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Late-Night Hosts Roast David Letterman As He Wins Mark Twain Comedy Award

Late-Night Hosts Roast David Letterman As He Wins Mark Twain Comedy Award
From TIME - October 23, 2017

WASHINGTONDavid Letterman was never known as a particularly political comedian, preferring a detached irony-drenched tone that favored the surreal and silly over topical humor. But there was an unmistakable political tint to much of Sunday night's ceremony to present Letterman with the Mark Twain award for American humor.

Several of the comedians honoring Letterman took shots at President Donald Trump and the general state of the country. More than one comedian quipped that the Kennedy Center's funding was about to be cut off mid-show, notwithstanding the announcement that Secretary of Education Betsy DeVos was a Kennedy Center benefactor.

Kimmel jokingly blamed Letterman for helping to bring Trump to power.

"It's like you went out for cigarettes one day and left us in the hands of our abusive, orange stepfather," Kimmel quipped.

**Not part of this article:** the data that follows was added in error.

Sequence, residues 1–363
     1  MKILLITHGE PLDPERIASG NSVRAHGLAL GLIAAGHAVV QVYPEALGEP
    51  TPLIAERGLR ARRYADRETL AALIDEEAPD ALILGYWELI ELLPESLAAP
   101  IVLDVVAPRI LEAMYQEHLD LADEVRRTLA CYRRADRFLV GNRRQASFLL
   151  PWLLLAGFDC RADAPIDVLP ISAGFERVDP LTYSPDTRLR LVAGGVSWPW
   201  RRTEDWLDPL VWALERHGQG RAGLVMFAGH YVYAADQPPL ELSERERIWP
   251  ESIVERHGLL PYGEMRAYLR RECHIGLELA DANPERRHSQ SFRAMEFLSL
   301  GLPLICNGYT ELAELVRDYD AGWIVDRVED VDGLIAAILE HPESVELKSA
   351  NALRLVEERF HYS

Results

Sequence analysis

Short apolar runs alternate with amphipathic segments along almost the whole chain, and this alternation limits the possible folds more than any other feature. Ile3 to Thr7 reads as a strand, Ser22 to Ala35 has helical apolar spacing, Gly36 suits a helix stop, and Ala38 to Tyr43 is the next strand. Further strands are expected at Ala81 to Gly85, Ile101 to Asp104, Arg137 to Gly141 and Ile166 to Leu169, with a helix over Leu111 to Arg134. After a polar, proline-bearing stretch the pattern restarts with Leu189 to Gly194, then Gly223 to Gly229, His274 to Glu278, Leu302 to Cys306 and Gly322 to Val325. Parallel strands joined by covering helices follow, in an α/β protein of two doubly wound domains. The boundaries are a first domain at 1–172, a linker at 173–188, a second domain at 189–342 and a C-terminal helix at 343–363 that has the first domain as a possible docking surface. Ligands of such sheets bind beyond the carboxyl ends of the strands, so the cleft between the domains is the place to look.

He praised Letterman profusely, recalling a monologue he delivered on his show shortly after the 9/11 attack.

"You let us know it was OK to move on and OK to laugh again," Kimmel said. "Dave, you led the way for all of us."

But Kimmel also noted that in that same monologue, Letterman offered glowing praise to then-New York City mayor Rudy Giuliani, who went on to become a vocal public Trump supporter.

"Well Dave, we all make mistakes sometimes," Kimmel said.

Comedian-turned-Senator Al Franken thanked Letterman for a post-retirement series of video he and Letterman recorded together designed to raise awareness on climate change. Comedians Martin Short and Steve Martin, a previous Mark Twain honoree, needled Letterman about his bushy white retirement beard with a line touching on the country's current divisive political atmosphere.

"Dave has always had excellent instincts. What better time that now to choose to look like a Confederate war general," Steve Martin said.

Speakers Sunday night included comedians John Mulaney, Amy Schumer and Jimmie Walker of the 1970s television series "Good Times." Walker gave Letterman one of his first jobs as a joke writer in Hollywood.

Schumer poked fun at Letterman's famed reputation for grumpiness, saying she performed on his show three times.

"By the end of my third appearance, Dave was no longer totally indifferent to me," she said.

Mulaney credited Letterman's appeal with his determination to mine humor from ordinary people, and occasionally their pets.

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